Nearsightedness or Myopia: What is it?
Symptoms You May Experience:
Examination: What Your Eye Doctor Will Look For:
What You Can Do:
When To Call Your M.D.:
Prognosis: Will I See Better?
Nearsightedness, or myopia, is the ability to see clearly up closebut not at a distance without glasses or contact lenses. The cause of nearsightedness is unknown but it tends to run in families. It is the most common type of vision problem in the United States, affecting more than 25% of the population.
Nearsightedness usually begins in childhood or early adolescence and progresses until the late teens or early twenties, when it stabilizes. Acquired nearsightedness is much less common and can be caused by many eye diseases which are discussed elsewhere on this site.
Your vision is always blurred at a distance but clear when looking at things up close. A nearsighted child who is not wearing glasses or contact lenses may sit too close to the blackboard or television, squint frequently, or be unaware of distant objects.
You will be unable to read the eye chart at a distance during the exam. If tests indicate that glasses are likely to correct the problem, your eye doctor may then write a prescription for glasses or contact lenses.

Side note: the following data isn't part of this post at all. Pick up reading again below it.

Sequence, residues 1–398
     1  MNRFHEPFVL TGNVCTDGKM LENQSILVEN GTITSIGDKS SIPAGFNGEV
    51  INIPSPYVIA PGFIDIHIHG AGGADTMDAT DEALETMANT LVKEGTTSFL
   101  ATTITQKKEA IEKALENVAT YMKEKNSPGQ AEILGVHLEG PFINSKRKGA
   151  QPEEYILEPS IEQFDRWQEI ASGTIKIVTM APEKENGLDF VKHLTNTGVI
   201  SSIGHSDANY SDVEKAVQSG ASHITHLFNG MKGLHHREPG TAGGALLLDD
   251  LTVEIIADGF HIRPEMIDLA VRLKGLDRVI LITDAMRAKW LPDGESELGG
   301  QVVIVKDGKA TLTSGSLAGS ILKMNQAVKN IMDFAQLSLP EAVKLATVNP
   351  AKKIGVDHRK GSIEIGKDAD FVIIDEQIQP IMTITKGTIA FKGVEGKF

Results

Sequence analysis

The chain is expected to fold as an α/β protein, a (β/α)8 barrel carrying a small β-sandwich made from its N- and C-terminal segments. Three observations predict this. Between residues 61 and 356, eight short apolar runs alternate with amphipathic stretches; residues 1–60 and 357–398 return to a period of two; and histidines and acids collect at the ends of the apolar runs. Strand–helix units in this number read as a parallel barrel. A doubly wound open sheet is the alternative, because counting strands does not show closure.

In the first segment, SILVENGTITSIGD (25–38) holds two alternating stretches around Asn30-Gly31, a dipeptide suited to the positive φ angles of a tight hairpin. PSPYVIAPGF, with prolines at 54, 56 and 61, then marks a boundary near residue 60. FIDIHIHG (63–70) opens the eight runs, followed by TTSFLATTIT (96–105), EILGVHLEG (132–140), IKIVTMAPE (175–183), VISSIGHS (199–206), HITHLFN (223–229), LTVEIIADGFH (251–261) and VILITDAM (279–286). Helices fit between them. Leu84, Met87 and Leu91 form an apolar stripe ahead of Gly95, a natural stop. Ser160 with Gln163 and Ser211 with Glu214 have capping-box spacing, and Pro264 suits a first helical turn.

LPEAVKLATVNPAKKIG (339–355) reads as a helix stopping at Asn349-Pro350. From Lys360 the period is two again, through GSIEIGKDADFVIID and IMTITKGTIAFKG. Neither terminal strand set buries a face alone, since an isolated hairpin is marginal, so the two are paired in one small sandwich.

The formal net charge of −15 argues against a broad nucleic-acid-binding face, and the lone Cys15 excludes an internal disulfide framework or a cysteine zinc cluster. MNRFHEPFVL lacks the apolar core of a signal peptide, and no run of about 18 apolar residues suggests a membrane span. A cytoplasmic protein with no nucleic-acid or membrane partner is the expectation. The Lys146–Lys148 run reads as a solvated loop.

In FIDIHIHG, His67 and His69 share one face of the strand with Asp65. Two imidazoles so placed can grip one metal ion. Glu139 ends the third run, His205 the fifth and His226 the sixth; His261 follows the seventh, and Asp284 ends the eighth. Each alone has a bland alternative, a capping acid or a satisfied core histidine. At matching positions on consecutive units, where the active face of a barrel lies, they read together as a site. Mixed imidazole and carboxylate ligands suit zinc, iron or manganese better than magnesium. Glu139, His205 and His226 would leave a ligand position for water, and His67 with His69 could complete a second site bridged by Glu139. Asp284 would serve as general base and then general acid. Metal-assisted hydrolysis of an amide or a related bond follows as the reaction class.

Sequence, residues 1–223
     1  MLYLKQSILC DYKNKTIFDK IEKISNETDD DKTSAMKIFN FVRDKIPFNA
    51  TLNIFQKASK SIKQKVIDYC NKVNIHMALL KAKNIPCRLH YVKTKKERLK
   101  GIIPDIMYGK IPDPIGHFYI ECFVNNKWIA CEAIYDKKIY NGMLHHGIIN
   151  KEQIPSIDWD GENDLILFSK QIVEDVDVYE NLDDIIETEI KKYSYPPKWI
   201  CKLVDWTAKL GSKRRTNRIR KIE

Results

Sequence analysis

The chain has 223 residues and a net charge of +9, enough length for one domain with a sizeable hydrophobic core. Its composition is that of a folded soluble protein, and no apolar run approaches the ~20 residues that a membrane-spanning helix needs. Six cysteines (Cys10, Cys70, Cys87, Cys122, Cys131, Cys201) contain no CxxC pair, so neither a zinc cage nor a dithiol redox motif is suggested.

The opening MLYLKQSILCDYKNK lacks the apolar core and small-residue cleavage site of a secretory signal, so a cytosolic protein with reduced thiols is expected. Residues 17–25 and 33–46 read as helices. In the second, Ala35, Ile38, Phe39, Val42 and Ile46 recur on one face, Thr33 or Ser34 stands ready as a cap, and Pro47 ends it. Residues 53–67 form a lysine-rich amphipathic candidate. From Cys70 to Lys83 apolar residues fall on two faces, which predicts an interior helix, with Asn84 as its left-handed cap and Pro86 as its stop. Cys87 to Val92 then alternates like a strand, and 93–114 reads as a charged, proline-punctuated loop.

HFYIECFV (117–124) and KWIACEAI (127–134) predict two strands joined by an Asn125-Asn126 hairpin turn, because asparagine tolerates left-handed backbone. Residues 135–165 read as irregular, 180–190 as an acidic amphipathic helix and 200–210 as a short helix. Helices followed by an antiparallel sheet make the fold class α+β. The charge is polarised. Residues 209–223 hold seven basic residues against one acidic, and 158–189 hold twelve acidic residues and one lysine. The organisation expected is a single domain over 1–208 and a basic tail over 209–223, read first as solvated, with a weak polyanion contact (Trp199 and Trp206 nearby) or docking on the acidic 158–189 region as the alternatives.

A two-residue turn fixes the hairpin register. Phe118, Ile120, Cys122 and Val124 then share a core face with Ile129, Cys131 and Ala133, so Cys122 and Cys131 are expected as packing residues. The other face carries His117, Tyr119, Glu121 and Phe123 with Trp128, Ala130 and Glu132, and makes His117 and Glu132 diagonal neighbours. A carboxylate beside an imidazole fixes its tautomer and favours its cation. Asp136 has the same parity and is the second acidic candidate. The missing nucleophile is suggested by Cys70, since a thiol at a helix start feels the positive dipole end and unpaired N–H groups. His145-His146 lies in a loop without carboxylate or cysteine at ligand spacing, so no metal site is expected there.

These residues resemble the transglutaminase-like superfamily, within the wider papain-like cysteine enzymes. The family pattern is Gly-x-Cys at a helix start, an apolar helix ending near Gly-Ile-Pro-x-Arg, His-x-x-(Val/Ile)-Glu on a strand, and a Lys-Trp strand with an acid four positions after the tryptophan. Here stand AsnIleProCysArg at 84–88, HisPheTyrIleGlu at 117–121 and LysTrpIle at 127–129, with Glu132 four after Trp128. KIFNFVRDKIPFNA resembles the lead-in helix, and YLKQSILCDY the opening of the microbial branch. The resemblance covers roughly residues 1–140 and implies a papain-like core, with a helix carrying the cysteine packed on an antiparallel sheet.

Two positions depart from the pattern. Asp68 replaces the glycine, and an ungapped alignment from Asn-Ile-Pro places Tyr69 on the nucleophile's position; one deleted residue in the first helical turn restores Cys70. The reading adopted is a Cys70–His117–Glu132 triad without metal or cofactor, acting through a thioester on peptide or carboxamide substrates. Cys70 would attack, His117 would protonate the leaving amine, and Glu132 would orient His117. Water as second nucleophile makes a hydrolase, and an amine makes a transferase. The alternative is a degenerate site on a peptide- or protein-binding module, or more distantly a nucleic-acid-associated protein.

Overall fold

There is no proven way to prevent nearsightedness. You should simply be aware of its symptoms so that if nearsightedness develops, you can be examined by an eye doctor.
Nearsightedness usually develops in children, so parents, teachers, etc. should be alert to the symptoms. A child who has difficulty seeing distant objects should see an eye doctor promptly to prevent the development of a lazy eye (amblyopia) and to exclude other causes of blurred vision.
Properly prescribed glasses and contact lenses can correct nearsightedness. Some people may benefit from refractive surgery (laser eye surgery). Annual eye exams are recommended, especially for those with high myopia, because nearsighted people can develop retinal tears and detatchments which they may not notice.
Most nearsightedness can be fully corrected with glasses, contact lenses, or refractive surgery!
Anatomically there are two types of nearsightedness. In axial myopia the eyeball is elongated rather than spherical. Therefore, light rays entering the eye focus in front of the retina instead of right on it. In refractive myopia the refractive power of the cornea or lens is too strong, causing the same effect. Occasionally a person may be so nearsighted that he or she is at risk for developing other eye diseases. This condition is called high myopia and is defined as a refractive error of more than -6.00 to -8.00 diopters. A high myope may have a higher risk of retinal detachment, choroidal neovascularization, or glaucoma.
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